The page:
Posts tagged ‘protestant churches in africa’

EnterGodment

“For our struggle is not against flesh and blood, but against the rulers, against the powers, against the world forces of this darkness, against the spiritual forces of wickedness in the heavenly places.” Ephesians 6:12

When I was a little girl, there were a couple of things that were expected of kids:
1. They were expected to help around the house with chores and younger siblings.
2. They were expected to eat what was given them.
3. And they were expected to go to school. And the church.

The closest church to my childhood home of Qebena was “Yeka Micheal Bete Christian”, which was near “Sholla Gebeya” [where me and my would-be-jail-bird little bro Tagel were sent to buy, and carry home, the weekly rations on Saturday mornings with one of my aunts who lived somewhere in between; teaching me the womanly art of home economics and him a consuming desire for other people’s money]. St. Michael’s church had a tablet that “came out” once a year to the famous “Jan Meda”, distinguishing it from your average “bete selam”. It was also home to quite a few renowned birds, like “Aba Solomon”; the politically-minded monk who grew his hair long, wore colorful robs and chains, and called the wrath of God from upon high to low down below every Tuesday and Thursday afternoon.

So when the time came for my non-practicing Orthodox Christian father and slack Protestant mother to permit me go to this colorful place of worship, I was excited more than a child has the right to be upon leaving the house with an empty stomach. In almost the same manner “yeSama wot” and “watermelon” (or “hubhub”, as China and Mezgebu, our arch-frenemy brother and sister, sang it) affected me prior to actually eating them, I’ve built an appetite for it. I’ve been told of the building, of the serene atmosphere therein, of “Qurban” and it’s constructive effect on my soul, younger than 10 year old though I maybe.

On the morning I had my aunt put a white shash on my head, tie it around my neck, and send me into the world of angels and demons with strict warnings to the older kids not to let go of my hand, I didn’t stop to wonder where her patronizing smile at my feverish enthusiasm came from. That was a lesson I had to learn on my own two days later when, after being allowed to enter the holy of holies bare foot, spend hours pining by the wall [looking at the beautiful paintings, soft carpet, exotic curtains, the smell of incense mixed effortlessly with the sound of drums, tsenatsils and “te’ume zemas” raising and falling from the microphones] I partook of the “siga we’demu” and come out uncovering my mouth long enough to declare just how robbed I felt. “It tastes like bread and syrup!”, I said. I would have probably continued with my accusation hadn’t my declaration appeared to have knocked the breath out of half the teenage congregants of “Keftegna Asra Sidist, Qebele Zero Hulet”.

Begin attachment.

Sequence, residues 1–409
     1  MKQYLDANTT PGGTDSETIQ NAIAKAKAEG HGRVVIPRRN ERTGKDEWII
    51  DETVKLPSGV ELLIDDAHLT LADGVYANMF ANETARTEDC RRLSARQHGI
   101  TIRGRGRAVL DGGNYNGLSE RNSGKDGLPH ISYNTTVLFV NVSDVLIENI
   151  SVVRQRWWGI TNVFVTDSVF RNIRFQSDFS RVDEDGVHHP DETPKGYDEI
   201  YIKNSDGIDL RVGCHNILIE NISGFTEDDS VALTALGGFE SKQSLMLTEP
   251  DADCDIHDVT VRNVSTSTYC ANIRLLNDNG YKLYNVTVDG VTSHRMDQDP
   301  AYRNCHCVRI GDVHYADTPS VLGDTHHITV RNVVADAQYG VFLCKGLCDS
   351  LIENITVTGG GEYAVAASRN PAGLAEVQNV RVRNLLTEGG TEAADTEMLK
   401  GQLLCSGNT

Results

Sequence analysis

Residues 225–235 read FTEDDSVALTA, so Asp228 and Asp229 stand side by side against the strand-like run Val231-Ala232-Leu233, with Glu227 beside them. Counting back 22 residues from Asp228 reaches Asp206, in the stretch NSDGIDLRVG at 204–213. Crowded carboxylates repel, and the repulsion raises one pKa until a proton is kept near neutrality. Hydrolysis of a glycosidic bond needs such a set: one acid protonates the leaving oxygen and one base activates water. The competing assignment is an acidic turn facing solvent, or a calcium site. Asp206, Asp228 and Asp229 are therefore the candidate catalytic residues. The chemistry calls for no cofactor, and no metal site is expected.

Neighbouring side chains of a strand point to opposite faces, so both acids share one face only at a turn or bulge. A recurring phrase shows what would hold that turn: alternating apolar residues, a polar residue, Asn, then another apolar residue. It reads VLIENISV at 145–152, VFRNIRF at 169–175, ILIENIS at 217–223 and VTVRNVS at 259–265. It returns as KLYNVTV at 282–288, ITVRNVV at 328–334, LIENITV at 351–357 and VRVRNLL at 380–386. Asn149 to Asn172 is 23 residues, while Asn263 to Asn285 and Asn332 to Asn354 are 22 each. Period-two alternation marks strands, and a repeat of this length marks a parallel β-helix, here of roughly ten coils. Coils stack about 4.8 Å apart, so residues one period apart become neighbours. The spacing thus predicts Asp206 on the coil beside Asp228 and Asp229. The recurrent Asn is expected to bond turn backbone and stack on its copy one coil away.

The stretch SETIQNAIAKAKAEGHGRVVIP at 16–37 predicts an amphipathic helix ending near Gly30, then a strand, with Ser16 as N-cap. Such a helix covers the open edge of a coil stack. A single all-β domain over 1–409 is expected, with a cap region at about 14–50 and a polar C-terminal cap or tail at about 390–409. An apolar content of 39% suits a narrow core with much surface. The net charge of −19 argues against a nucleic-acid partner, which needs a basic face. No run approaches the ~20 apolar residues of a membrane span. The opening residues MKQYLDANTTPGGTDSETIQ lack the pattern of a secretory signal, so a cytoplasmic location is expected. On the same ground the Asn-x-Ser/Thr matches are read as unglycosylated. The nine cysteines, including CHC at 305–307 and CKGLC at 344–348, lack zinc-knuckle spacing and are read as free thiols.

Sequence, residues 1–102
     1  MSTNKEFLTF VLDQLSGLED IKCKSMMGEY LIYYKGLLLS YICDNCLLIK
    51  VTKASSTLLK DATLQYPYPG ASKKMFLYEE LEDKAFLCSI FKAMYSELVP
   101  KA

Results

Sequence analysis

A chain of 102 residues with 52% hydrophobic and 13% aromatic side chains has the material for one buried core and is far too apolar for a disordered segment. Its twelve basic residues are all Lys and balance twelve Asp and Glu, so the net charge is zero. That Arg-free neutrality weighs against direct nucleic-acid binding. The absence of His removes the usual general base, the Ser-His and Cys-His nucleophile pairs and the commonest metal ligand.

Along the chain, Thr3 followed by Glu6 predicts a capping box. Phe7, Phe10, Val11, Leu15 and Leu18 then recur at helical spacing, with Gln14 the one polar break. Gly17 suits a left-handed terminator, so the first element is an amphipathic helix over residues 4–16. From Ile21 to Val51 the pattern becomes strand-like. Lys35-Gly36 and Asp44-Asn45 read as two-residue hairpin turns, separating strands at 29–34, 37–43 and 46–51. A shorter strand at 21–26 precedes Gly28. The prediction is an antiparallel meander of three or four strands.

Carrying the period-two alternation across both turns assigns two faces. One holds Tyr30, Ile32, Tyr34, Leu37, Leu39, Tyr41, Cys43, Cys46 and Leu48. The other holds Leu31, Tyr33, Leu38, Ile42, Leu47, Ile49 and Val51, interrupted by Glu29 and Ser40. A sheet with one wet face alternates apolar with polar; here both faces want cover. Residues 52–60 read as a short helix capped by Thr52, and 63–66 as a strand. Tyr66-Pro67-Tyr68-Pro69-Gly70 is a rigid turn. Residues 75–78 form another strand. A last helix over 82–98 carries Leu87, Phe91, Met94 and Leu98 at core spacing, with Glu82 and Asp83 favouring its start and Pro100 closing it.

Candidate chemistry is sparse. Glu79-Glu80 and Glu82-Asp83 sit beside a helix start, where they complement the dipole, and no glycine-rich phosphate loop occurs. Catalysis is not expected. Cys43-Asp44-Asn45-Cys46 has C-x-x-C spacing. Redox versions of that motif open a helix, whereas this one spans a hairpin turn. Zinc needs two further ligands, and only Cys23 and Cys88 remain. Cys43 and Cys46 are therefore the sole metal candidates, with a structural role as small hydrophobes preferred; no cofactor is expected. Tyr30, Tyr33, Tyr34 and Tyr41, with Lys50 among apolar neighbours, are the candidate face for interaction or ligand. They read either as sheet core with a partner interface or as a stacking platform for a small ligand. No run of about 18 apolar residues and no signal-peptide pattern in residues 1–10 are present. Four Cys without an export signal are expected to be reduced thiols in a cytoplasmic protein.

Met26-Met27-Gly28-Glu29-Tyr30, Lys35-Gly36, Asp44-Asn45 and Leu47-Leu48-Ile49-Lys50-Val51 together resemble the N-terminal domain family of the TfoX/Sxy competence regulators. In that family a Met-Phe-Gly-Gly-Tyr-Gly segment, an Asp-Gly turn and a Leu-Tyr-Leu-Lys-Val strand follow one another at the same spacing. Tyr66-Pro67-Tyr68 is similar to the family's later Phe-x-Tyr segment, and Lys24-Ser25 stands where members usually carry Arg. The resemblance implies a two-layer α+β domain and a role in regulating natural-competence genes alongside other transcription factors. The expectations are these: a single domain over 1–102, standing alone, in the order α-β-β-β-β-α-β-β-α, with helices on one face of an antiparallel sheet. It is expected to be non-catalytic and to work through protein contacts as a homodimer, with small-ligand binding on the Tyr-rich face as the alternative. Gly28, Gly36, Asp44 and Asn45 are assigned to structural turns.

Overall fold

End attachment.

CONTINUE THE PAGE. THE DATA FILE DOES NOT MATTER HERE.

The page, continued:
There was a stunned look, followed by a gasp, which in turn was followed by collective admonishing for my “diffret”, warnings of “Qisefet”s and a general sense of doom-about-to-befall. It was only “BilQat”, older sister to a kid who would chase me across “ginfle” river years later, and daughter to the local “yemender merfe wogi” [the illiterate mendertegna referred to as “doctor”]; who came to my defense. “She doesn’t know!”, she protested, God bless her, “It’s her first time. God would forgive her for speaking without knowledge”. Not many thought so. They watched and waited, with an almost eager anticipation, for me to be struck by a bolt of lightening and burn to crisp. [And when I survived, I could only imagine, bitter Christians were born].

[The cynic, the pacifist and the extremist; my Lord].

Referring to the holy communion as “mere bread and syrup”, however, wasn’t the only thing one wasn’t allowed to say within the gates of the sacred ground. There were many “can’t dos”: You can’t eat before coming to church. You can’t saunter-in without crossing yourself. You can’t run within the church compound. [All offenses punishable by death]. You can gossip about your friends, or their boyfriends. You can make eyes at the deacons, and flirt back when their’s meet yours. You are free to tell stories of two members of another congregation who, one cold morning, stole into the bell-tower and started going at it, until “Melaku Gebriel” appeared on the g-rated scene to meet out divine punishment, in the form of “matabeQing” them together. They were taken, we over-heard, around “Nigs”es and “Beale Kibret”s as a “lantica” for the Angry Angel’s ferociousness. [While the cool-as-cucumber Angel Michael, some observed, would have probably passed them by with a gentle wag of the finger]. You can do all that. But there were things off limit, slipping to the back of the building and walking among the dead, reading scriptures and looking at photos of the deceased, included. (more…)

March 4, 2012 at 2:44 am 7 comments


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The blogger tries to think outside the box, or wonder why she sometimes can't.

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"I will speak for you, Father. I speak for all mediocrities in the world. I am their champion. I am their patron saint." - Antonio Salieri, from the movie "Amadeus"

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